Long gone are the days of The Oregon Trail, the awesomely glitchy computer game sixth-graders used to enjoy by the light of their 1992 Macintosh processor – that is, until all your oxen drowned and your eight kids died of cholera.
Today, the federal government is spending about $1.5 million in taxpayer cash for the development of two pricey, high-tech video games, both aimed at steering school-age kids toward STEM careers.
The first game, currently being developed to the tune of $728k in National Science Foundation grants, will provide middle school students with an interactive way to learn about photosynthesis, a concept the grant description claims is “largely invisible, comprised of a complex and interdependent set of interactions, and difficult to teach.”
(For any old-schoolers out there who still think teachers should be able to…well, teach photosynthesis, here’s a reminder that New York faculty aren't even required to have reading skills.)
Developed by Andamio Games and funded by American taxpayers, the video game will simulate a “virtual lab environment” to “provide teachers with an instructional tool that conveys accurate details of chemically-based biological processes, enable them to deliver differentiated instruction to their classes, and ensure that all their students, whatever their level of pre-existing knowledge and ability, are able to meet the prescribed national and state-level life science standards.”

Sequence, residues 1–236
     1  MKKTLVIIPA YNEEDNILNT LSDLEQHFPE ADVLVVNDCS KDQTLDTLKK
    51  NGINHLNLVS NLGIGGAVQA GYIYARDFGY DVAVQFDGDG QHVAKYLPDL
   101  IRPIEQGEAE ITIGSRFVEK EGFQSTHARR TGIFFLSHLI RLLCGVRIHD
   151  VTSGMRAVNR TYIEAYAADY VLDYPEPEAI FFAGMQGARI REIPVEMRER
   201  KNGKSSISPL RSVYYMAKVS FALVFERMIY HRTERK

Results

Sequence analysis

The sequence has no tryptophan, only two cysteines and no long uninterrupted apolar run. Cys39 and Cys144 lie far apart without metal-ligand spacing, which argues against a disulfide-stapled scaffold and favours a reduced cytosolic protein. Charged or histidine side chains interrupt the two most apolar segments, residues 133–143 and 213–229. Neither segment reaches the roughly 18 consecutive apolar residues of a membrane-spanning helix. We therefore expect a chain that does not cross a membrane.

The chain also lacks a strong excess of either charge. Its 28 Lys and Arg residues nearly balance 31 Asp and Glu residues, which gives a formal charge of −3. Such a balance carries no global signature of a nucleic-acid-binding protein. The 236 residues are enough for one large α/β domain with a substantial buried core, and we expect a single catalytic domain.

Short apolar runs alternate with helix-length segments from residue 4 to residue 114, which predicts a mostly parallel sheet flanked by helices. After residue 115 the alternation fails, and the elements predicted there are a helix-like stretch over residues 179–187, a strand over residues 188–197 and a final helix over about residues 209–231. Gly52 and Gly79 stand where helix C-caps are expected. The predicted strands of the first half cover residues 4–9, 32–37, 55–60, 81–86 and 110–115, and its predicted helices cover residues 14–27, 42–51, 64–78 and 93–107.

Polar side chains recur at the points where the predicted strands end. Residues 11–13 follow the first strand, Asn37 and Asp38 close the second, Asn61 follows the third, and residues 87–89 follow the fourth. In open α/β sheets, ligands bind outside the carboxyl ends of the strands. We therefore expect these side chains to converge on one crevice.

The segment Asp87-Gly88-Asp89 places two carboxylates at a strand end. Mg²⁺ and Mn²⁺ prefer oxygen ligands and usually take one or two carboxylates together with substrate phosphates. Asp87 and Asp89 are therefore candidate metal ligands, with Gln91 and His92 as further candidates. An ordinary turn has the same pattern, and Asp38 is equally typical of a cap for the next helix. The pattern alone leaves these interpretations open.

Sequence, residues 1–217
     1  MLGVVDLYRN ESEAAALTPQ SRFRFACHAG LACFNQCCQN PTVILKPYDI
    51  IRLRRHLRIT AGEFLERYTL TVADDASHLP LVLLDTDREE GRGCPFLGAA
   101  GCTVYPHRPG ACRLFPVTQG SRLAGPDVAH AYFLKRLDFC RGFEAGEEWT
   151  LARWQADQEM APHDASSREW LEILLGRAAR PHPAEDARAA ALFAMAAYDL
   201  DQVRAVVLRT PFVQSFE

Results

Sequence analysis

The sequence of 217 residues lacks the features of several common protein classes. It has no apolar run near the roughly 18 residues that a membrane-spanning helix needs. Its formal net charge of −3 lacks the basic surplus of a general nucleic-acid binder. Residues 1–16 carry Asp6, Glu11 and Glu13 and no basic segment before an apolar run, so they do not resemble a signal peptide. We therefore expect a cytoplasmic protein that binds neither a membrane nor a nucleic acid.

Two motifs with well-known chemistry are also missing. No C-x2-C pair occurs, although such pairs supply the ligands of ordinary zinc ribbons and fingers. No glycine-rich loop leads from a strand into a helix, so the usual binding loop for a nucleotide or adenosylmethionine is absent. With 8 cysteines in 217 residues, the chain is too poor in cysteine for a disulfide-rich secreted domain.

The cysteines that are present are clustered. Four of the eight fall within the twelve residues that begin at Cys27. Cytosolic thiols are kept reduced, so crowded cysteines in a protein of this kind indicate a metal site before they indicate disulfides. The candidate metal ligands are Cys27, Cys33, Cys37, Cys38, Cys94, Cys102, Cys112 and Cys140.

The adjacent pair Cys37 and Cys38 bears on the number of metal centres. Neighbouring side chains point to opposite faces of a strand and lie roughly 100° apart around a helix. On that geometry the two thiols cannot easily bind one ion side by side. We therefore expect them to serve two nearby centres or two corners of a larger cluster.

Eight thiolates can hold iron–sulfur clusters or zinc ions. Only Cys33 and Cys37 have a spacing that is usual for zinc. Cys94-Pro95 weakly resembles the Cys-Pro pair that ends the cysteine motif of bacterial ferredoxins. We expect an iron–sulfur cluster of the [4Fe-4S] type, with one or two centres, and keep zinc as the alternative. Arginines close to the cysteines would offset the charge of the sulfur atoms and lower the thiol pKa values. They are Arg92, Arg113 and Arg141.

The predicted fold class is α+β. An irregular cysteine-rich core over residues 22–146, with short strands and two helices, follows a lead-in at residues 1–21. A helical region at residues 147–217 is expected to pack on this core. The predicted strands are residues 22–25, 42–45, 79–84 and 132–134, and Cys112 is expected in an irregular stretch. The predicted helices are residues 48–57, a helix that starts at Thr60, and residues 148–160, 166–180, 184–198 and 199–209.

The second video game, which received $747k in grant dollars, will allegedly help students choose a career in the sciences or math, as well as “improve students' attitudes toward full-time employment.”
“Unfortunately, the lack of an accessible, coherent career planning system in the United States has left many high school students unprepared to meet the rigorous demands associated with being college and career ready,” the grant description explains. In response, the game will provide students with a “virtual mentor” to will help explain STEM career options to students and walk them through different job options.
The Language Express, the company developing the game, says the project is aimed at helping students with disabilities, but could be used by all students in grades 6-9. The company also assures us that their game "aligns with Common Core Standards and the Universal Design for Learning framework" (likely meaning students will emerge ready and able to solve word salad math problems about the economic benefits of socialism).
It was much simpler when your wagon just broke an axle.